Data from PhD thesis "Ecological dynamics on old extensive green roofs: vegetation and substrates >20 years since installation"

2017-06-29T13:59:22Z (GMT) by Christine Thuring Nigel Dunnett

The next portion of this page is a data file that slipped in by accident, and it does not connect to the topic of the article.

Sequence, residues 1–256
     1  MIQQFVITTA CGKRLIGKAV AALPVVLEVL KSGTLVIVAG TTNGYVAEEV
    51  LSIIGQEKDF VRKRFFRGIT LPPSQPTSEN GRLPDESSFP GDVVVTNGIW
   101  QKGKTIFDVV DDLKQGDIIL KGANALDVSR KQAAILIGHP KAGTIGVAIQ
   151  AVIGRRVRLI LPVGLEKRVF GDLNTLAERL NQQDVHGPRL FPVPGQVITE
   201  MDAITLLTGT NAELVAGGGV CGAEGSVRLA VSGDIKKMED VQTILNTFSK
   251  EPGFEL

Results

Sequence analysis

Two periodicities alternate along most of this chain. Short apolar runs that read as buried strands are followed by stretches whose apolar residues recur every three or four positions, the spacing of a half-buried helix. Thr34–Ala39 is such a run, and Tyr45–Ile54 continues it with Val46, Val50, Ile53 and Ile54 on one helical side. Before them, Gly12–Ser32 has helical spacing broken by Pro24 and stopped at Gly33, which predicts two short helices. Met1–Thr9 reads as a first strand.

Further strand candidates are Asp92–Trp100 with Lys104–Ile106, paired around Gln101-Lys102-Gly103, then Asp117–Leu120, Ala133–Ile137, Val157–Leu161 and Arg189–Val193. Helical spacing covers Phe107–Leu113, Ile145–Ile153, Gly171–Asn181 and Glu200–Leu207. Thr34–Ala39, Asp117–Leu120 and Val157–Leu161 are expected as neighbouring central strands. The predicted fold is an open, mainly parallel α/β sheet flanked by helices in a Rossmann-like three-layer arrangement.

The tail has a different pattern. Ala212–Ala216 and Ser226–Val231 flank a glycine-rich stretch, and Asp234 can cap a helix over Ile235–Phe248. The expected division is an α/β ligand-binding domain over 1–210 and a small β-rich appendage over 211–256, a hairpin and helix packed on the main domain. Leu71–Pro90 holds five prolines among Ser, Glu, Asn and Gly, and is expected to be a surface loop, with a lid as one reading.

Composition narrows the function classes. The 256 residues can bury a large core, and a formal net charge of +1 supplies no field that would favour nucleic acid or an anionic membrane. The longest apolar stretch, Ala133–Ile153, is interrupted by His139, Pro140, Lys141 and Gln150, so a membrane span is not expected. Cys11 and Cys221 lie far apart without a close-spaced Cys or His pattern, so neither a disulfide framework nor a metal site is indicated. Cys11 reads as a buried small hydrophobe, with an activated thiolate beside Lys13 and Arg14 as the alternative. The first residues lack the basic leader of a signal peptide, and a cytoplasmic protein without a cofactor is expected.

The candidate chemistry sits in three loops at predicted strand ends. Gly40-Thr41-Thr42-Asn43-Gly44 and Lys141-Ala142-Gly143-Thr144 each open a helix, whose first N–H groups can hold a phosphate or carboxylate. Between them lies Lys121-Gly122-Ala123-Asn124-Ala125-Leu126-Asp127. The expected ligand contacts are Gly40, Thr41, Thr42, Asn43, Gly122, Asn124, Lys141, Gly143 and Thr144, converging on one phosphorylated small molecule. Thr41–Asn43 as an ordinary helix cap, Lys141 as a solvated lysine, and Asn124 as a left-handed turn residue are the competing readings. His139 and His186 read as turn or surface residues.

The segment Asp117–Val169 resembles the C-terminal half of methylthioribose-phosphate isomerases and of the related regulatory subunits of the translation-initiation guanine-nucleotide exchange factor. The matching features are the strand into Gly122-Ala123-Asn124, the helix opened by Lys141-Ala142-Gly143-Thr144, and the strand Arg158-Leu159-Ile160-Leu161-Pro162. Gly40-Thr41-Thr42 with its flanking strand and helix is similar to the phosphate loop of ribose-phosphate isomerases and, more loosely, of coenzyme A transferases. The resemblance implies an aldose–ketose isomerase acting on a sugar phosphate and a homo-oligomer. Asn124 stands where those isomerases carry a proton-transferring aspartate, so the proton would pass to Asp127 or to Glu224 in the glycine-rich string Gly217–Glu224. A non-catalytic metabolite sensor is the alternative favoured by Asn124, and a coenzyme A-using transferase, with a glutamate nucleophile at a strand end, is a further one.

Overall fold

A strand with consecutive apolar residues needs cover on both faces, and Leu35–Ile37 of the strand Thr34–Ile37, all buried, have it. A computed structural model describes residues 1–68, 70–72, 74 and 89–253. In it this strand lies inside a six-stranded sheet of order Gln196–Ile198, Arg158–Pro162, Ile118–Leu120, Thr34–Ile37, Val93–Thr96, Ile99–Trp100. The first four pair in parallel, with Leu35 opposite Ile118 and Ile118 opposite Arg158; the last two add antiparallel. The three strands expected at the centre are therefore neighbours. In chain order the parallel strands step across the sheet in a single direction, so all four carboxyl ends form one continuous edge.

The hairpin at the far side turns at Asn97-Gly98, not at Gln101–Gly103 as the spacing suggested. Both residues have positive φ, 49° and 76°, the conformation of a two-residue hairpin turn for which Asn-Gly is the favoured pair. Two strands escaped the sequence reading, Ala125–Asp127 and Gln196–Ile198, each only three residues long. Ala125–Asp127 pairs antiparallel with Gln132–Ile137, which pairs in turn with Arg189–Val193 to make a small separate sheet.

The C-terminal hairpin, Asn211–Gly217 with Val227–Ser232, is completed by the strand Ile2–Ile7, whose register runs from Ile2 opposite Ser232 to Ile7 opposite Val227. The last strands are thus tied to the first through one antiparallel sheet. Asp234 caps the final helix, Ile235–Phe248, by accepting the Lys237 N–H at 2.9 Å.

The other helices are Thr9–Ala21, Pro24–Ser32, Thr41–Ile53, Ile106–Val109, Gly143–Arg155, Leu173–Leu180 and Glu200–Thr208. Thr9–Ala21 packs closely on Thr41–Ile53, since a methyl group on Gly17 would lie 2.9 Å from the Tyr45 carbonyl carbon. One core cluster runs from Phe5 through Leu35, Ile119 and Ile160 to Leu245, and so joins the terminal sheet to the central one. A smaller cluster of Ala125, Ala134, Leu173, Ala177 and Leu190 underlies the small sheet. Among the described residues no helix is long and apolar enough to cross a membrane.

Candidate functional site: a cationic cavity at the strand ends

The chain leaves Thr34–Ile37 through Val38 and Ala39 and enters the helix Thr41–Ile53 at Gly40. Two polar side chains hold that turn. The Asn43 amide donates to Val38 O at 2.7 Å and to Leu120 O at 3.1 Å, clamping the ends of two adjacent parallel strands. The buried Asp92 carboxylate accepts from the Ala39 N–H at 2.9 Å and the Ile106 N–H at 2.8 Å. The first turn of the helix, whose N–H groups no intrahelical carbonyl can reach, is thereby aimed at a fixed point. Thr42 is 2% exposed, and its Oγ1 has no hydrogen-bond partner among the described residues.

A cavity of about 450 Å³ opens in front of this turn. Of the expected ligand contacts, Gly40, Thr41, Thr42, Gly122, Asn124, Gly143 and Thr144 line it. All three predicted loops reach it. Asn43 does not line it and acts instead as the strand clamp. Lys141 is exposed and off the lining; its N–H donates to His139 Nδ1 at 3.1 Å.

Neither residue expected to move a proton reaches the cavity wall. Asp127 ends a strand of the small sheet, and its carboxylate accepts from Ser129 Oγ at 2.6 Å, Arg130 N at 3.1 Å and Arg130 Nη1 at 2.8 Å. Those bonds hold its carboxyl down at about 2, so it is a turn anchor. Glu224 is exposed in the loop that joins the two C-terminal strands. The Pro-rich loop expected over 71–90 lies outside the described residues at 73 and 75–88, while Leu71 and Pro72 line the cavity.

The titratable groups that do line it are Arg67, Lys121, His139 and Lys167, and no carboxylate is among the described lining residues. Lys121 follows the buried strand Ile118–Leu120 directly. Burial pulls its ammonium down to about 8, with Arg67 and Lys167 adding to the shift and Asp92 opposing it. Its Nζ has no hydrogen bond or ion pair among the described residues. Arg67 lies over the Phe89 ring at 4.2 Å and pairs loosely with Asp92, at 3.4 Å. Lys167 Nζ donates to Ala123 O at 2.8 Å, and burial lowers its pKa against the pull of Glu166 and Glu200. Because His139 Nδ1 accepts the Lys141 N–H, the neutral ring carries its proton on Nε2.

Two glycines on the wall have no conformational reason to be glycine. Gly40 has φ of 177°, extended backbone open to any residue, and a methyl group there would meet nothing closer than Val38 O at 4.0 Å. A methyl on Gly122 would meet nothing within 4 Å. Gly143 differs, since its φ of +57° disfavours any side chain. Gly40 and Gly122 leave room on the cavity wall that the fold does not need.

<div>Data for the PhD thesis: <br></div><em>Thuring, Christine (2015) Ecological dynamics on old extensive green roofs: vegetation and substrates > twenty years since installation. PhD thesis, University of Sheffield. <a href="" target="_blank"></a>.</em><div><p></p> </div><div>Extensive green roof (EGR) technology has become a popular ecological intervention for towns and cities around the world in recent years. Much is known about EGR engineered performance, but little work has studied green roofs as “novel ecosystems” subject to the laws of nature. Since roof access is typically difficult to attain, this was a unique opportunity to develop methods and gain preliminary insights into how the vegetation and substrates of commercial EGR systems develop over time. Nine of the oldest EGRs in the world (at least twenty years since installation) were surveyed using methods of applied plant ecology in southwest Germany. Species composition and abundance were quantified using a 1m2 quadrat (sampling plot) and methods of applied plant ecology. Between 12 and 18 quadrats were sampled per roof. The number and placement of quadrats was determined by site conditions, vegetation homogeneity, environmental gradients, and the statistical requirements of sampling. The random placement of quadrats gives any point within the sampling area an equal chance of being sampled but, since the aim of this work was to characterise EGR vegetation, quadrats were sampled from areas featuring characteristic vegetation. Accordingly, random placement was too simplistic for roofs with mounds or shallow gravel edges, where the vegetation differed from the greater roof expanse, so such roofs were stratified in advance of sampling. Stratifying, or dividing, vegetation into homogeneous (uniform) versus heterogeneous (non-uniform) patches prior to placing samples is beneficial for clustering major sources of variation. Functional traits were allocated to all plant species, both current and original, using adaptive life strategies described by CSR theory, and the realised niches were described using Ellenberg indicator values (EIVs).</div>